T-SPLOST supporters gather in Henry

Two local groups are set to present opposing views to Southern Crescent area residents regarding the upcoming Transportation Special Purpose Local Option Sales Tax (T-SPLOST) referendum, scheduled for a vote this summer on July 31.

The Henry County Chamber of Commerce’s Government Affairs Committee will host supporters of the legislation during a luncheon meeting, today, from 11:30 a.m., to 1 p.m., regarding the Transportation Investment Act of 2010 (TIA). The act calls for a T-SPLOST.

Another meeting, which challenges the T-SPLOST, will be held, next Monday, at 7 p.m., in the Community Room of the Henry County Government Annex, in 116 Zack Hinton Pkwy., McDonough. Next Monday’s event is being organized by a group calling itself the Henry County 9-12 Project.

The T-SPLOST referendum advocates a 1-cent sales tax to fund $6.14 billion in road projects, over 10 years, for a 10-county area that includes Henry and Clayton counties. A 21-member regional roundtable, made up of county and city leaders, unanimously approved the projects list on Oct. 13, 2011. Those meeting at the Chamber today are supporters of the referendum.

“It is an information session on how to help pass the referendum,” said Chamber President Kay Pippin. “Momentum is beginning to pick up for support for the referendum. Anyone interested in [the referendum’s] passage is welcome to attend.”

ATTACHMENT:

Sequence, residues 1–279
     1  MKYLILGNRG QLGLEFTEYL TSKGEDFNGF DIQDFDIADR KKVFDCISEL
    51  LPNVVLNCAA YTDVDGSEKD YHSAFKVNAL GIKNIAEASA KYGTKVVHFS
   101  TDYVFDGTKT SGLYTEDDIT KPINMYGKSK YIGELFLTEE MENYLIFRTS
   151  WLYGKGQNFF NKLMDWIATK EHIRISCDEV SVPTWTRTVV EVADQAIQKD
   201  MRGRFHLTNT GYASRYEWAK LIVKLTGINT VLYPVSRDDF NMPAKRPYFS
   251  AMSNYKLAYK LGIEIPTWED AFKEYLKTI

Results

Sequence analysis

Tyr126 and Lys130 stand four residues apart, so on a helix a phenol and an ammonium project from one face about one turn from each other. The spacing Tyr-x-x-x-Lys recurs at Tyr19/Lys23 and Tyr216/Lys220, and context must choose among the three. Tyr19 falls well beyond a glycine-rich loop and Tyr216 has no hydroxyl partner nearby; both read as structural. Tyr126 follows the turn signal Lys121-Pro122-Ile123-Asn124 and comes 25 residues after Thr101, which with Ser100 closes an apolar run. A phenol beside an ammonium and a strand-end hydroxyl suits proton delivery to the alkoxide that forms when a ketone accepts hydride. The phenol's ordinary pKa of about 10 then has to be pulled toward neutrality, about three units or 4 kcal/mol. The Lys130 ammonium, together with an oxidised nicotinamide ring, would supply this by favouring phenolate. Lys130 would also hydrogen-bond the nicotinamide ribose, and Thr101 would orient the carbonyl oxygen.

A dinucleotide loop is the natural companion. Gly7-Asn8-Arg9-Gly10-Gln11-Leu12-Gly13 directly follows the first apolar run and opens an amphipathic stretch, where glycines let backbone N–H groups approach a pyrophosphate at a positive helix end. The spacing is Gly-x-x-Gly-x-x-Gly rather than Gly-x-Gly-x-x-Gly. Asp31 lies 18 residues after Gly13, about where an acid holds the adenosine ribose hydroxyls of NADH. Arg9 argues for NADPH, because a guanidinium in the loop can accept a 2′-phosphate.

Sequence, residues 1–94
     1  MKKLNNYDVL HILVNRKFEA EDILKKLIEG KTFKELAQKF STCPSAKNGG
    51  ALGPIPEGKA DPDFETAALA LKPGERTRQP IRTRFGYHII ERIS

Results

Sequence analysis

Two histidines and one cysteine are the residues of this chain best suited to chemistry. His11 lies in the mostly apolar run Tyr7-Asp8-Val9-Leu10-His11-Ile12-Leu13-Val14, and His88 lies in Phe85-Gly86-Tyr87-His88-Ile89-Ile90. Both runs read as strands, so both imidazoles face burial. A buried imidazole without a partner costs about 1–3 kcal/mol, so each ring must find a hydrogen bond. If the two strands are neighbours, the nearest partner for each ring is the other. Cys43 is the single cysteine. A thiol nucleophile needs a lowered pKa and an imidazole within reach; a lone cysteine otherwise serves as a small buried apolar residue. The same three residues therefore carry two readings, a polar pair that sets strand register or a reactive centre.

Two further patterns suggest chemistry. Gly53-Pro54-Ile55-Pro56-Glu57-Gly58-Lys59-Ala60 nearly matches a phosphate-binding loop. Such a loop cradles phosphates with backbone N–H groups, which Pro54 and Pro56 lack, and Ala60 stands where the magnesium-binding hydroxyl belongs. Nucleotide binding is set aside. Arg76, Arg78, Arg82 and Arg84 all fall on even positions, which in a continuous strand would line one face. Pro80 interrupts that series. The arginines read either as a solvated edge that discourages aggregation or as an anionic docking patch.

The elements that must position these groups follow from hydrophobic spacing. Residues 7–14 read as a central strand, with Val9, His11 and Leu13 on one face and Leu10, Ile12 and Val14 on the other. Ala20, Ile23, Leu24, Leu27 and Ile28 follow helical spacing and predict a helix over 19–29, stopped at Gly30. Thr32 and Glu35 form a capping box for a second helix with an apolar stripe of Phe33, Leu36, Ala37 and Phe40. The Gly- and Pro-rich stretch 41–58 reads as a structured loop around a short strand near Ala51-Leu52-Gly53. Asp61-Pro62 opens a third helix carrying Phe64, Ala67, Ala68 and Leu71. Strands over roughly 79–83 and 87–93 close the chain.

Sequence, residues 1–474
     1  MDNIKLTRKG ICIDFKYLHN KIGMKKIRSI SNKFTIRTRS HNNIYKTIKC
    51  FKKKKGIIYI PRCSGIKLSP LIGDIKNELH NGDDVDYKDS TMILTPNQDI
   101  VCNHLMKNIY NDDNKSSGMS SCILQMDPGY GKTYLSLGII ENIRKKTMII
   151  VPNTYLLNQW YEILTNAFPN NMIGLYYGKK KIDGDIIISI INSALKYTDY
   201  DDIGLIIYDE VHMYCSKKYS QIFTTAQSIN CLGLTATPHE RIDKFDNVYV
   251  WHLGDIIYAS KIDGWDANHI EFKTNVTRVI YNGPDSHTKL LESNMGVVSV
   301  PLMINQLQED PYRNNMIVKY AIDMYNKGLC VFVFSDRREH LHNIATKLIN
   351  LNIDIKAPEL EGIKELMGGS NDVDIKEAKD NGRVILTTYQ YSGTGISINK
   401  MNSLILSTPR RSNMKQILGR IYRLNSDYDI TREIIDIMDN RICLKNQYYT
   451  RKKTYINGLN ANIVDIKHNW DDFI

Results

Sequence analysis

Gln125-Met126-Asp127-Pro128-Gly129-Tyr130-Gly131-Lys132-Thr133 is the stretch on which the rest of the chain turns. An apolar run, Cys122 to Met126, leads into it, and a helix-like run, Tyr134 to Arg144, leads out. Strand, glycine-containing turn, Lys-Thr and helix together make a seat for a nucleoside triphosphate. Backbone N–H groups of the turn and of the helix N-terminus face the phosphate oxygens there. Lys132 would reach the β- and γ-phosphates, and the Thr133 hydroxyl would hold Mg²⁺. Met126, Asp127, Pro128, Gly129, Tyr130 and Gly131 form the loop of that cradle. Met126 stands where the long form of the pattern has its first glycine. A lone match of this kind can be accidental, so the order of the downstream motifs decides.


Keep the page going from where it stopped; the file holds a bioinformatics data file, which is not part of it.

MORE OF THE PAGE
“No one wants ill-informed voters, regardless of their position,” Pippin added. “Everyone who both supports and opposes the referendum, should be certain that their position is based on fact.”

The scheduled speaker for the Monday meeting is Fayette County Post 4 Commissioner Steve Brown, who opposes the T-SPLOST, because of what he calls a “horrible” project list accompanying it.

“The whole purpose of the Transportation Investment Act legislation was to relieve traffic congestion,” said Brown. “I’m 100 percent for that. Unfortunately, the list of projects does very little to relieve traffic congestion.

“There’s an over-reliance on mass transit in this current project list,” he continued. “Fifty-two percent of the regional funds, which equates to $3.2 billion, will go to mass transit, which is used by less than five percent of all commuters. I just think that’s a travesty.”

Brown added that several organizations in the Atlanta region are seeking to educate the public about the T-SPLOST, but that they are doing so without discussing pitfalls of the proposed legislation.

“We need a balanced analysis of this TIA referendum, and the citizens aren’t getting it,” he said.

Pippin said organizers of the Project 9-12 meeting should work to ensure that supporters and detractors of the legislation are heard.

“Commissioner Brown is known for his opposition to the referendum,” said Pippin. “If the organizers of this event want to assure that all the facts are presented, then, hopefully, they will also invite a spokesperson in support of the referendum.”